§ Paul Flynn
To ask the Secretary of State for Health what plans he has to restrict the prescription of unlicensed drugs to children. 
§ Ms Rosie Winterton
There are no plans to impose a general restriction on the prescription of unlicensed medicines to children.
Most medicines have only been tested for safe and effective use in the adult population and there are comparatively few medicines on the market that are specifically licensed for the treatment of children. This leads to prescribers having no option but to prescribe unlicensed and off-label medications in this patient population.
Normally, if a product has not been licensed for use in children because of a lack of clinical trial data and/or clinical experience, the summary of product characteristics contains statements to this effect and use in children is not recommended. However, further restrictions (contraindications) have been introduced with respect to the off-label or unlicensed use of specific medicinal products where there is evidence that the benefit/risk may be unfavourable.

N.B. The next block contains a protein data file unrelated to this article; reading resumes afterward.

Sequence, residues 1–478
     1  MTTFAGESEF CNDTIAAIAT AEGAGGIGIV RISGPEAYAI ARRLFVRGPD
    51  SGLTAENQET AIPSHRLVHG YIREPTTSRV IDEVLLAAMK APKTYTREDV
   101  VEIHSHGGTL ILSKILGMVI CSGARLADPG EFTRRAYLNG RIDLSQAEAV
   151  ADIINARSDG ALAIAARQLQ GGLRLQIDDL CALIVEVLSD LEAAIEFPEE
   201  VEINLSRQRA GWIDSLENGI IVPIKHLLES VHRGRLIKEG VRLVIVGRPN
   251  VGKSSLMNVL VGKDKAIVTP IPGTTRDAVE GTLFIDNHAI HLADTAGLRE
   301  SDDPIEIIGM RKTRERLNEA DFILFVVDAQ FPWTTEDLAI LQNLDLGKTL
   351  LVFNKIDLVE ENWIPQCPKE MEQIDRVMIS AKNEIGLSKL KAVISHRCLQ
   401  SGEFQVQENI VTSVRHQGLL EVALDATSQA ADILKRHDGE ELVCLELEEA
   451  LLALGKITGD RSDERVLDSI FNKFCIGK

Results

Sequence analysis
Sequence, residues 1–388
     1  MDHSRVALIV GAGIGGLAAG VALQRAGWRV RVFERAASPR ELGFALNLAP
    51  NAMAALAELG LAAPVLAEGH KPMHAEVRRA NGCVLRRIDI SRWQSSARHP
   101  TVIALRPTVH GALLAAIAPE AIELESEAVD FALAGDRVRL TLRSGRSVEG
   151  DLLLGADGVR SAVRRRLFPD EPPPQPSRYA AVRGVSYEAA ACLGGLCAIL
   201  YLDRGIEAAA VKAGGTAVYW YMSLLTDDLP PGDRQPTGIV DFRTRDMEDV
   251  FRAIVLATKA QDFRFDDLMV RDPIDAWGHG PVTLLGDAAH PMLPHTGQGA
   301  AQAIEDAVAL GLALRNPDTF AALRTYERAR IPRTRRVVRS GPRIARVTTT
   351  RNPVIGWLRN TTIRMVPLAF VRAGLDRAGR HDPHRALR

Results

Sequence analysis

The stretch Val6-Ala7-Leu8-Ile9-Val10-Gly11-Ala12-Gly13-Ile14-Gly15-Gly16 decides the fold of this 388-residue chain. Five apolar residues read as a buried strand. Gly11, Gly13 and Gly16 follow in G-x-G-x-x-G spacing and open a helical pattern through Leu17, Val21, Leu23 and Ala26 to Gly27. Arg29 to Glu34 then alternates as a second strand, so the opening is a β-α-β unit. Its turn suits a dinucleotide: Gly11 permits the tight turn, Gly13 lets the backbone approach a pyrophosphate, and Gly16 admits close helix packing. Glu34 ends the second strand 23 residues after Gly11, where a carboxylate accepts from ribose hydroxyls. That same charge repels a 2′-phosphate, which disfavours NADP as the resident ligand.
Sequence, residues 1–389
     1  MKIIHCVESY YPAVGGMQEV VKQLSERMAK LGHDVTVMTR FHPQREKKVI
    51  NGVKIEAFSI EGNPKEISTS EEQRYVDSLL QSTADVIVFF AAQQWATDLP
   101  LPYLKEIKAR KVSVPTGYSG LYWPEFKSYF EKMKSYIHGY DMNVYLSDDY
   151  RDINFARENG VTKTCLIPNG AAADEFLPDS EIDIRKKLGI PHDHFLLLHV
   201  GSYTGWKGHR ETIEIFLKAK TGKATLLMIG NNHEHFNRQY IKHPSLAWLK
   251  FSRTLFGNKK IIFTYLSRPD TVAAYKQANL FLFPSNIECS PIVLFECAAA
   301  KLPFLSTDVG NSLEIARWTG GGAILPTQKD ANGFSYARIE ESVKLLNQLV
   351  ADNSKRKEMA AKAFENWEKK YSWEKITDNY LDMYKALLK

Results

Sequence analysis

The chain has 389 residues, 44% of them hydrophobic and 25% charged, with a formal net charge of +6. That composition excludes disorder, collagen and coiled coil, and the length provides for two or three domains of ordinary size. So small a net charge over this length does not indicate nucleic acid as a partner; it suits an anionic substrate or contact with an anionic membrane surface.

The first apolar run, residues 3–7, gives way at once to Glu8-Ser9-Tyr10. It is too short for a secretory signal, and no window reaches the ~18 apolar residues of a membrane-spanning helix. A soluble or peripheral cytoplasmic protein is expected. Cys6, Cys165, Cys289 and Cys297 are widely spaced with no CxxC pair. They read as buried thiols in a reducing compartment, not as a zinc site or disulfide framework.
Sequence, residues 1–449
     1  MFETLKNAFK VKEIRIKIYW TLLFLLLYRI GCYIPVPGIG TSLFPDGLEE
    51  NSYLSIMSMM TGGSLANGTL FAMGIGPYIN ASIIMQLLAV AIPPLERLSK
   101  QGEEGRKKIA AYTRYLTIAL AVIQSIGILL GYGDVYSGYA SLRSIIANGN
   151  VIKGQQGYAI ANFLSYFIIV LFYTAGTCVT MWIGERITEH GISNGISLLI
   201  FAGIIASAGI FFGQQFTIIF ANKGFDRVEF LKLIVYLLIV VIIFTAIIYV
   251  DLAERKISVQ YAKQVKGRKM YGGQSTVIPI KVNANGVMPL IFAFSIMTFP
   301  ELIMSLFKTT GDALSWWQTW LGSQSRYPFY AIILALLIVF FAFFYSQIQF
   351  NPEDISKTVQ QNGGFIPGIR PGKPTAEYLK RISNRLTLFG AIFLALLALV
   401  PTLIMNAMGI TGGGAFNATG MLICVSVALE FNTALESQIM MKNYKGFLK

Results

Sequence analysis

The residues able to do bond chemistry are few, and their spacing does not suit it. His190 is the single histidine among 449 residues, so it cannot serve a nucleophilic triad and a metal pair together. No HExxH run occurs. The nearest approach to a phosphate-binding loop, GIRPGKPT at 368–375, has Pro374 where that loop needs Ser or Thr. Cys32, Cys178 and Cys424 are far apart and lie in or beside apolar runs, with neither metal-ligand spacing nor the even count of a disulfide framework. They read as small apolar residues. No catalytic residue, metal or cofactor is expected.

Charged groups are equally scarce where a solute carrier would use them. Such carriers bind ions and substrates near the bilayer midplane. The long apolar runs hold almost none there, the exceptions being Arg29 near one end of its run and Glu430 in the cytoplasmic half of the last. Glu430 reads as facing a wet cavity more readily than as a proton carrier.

The real solution to this problem lies not in restricting paediatric prescribing but in stimulating the development and testing of appropriately formulated medicines for use in the paediatric population. It is expected that the European Commission will adopt a proposal for a Regulation on medicines for paediatric use by the end of April 2004. It will contain a number of incentives and obligations to stimulate the development of medicines for children. In the mean time officials have been asked to develop a UK strategy to deliver, in the short and medium term, improved availability of medicines that are appropriately labelled and appropriately formulated for use in children.